Chinese Premier Li: China Is a Source of Growth, Not Risk, for the World Economy
“China will not have a hard landing,” Chinese Premier Li said in the opening plenary of the Annual Meeting of the New Champions 2015; China will continue to pursue the necessary reforms to transform its economic model into one that is driven by consumption and innovation, Li pledged
Dalian, People’s Republic of China While recent volatility in financial markets has unsettled the global economy, the world should have confidence in China’s future, Chinese Premier Li Keqiang told participants in the opening plenary of the World Economic Forum’s ninth Annual Meeting of the New Champions.
“China is not a source of risk, but a source of growth for the world economy,” Li said. While he acknowledged that China’s transition to an economic growth model driven by consumption and innovation will be “painful and treacherous”, he explained that “due to the policies that have been adopted, positive factors in the economy are building up. The fundamentals have remained unchanged.” Declared Li: “If there are signs that the economy is sliding out of the proper range, we have the ability to deal with the situation. China will not have a hard landing.”
The World Economic Forum’s Annual Meeting of the New Champions is taking place in Dalian, People’s Republic of China, from 9 to 11 September. The meeting is a leading global gathering on innovation, entrepreneurship, science and technology. It is held in close collaboration with the Government of the People’s Republic of China, with the support of the National Development and Reform Commission (NDRC). The meeting has brought together more than 1,700 participants from 90 countries under the theme, Charting a New Course for Growth.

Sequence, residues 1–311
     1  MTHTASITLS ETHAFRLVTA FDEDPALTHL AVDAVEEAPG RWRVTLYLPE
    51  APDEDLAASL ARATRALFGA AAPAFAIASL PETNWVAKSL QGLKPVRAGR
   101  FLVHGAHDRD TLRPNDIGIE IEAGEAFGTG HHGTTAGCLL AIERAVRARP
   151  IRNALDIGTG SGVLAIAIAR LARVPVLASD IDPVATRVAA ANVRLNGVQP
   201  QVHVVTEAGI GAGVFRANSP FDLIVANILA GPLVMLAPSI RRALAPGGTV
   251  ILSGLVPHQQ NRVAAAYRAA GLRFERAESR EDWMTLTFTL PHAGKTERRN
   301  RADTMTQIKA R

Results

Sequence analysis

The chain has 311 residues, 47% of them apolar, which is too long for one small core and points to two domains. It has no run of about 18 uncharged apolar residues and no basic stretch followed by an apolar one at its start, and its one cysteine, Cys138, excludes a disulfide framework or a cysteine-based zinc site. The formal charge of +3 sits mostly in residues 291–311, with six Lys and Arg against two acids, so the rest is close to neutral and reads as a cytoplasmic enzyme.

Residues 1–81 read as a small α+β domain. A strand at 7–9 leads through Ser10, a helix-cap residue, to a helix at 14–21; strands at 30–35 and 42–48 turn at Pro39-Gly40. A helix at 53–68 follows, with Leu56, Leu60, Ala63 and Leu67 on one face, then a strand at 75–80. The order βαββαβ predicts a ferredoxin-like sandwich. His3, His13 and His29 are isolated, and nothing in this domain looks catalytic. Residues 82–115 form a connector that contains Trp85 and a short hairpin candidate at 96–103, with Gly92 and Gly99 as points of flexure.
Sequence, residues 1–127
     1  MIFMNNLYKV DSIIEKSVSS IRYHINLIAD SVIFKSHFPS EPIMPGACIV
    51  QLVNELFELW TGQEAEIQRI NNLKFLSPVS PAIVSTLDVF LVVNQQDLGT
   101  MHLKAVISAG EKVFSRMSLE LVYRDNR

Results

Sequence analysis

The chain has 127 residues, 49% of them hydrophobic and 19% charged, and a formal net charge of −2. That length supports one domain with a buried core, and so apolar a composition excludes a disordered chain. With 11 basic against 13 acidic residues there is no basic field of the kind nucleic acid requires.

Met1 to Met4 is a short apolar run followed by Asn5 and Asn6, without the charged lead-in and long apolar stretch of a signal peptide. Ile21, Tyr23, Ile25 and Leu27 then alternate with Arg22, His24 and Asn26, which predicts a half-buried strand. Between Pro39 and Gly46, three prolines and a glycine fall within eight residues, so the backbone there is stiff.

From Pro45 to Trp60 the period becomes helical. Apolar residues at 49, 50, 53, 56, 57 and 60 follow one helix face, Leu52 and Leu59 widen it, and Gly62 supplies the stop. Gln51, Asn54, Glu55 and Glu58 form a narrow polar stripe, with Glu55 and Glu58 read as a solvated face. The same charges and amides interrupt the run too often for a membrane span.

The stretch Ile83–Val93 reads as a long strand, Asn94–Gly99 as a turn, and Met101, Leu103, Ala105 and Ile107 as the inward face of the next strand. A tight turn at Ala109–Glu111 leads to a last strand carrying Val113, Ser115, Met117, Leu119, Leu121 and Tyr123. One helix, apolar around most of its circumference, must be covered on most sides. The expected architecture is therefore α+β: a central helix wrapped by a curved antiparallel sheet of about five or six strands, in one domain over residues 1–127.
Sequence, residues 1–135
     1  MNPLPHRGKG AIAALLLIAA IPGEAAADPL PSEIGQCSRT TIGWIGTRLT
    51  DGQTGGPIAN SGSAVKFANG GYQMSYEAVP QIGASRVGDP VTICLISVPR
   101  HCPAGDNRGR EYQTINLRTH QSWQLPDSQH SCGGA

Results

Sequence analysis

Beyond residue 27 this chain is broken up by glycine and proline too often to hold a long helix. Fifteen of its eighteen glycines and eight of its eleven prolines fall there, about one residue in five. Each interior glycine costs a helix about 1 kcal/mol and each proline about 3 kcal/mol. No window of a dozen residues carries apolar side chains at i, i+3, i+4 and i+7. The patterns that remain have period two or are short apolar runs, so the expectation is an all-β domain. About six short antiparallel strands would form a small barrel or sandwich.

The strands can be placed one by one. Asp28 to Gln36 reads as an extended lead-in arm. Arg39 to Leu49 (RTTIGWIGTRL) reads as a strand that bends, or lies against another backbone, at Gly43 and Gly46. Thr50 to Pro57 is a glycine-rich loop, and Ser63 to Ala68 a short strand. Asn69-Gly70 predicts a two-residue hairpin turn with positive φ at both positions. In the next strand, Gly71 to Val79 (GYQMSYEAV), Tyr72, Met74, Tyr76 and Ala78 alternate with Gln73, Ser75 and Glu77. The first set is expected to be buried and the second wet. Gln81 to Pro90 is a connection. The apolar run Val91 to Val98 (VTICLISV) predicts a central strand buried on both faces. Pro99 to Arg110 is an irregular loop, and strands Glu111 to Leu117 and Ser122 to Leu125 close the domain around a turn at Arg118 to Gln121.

In his speech, Li argued that, despite the slowdown in China’s growth from its previous double-digit performance, Chinese authorities “have plenty of tools at our disposal to take targeted measures and, at the same time, build momentum for sustainable economic growth in the long term.” Because of China’s economic resilience, its adoption of a range of technologies and their application to its broad industrial base, “China is in the process of a new type of industrialization,” Li explained. “This is generating enormous potential for stimulating domestic demand.” China will continue to open up its economy and liberalize sectors including its financial system, with the renminbi gradually achieving full convertibility. “We will continue with our reform efforts, but in a step-by-step manner,” Li vowed.
Most encouraging for China’s transition to a new economic growth model is the “massive wave of entrepreneurship and innovation across the nation,” Li observed. New ways of financing and innovation in R&D are completely changing business models and industries. “Creativity is the greatest asset for development,” he said. “Mass entrepreneurship and innovation are bringing strong support for employment.” He called for greater international collaboration, including global cooperation on managing production capacity by taking advantage of each country’s comparative strengths. “When it comes to production capacity, there will be some competition, but we need to work together. We are committed to opening up for win-win benefits.” Said Li, “China will never resort to a currency war.”
Answering a question about China’s drive to promote entrepreneurship and innovation, Li said that China continues to welcome overseas investment in its development. “I have confidence that foreign partners will bring not only capital, but also expertise. The Chinese government will do its utmost to protect intellectual property rights in China.”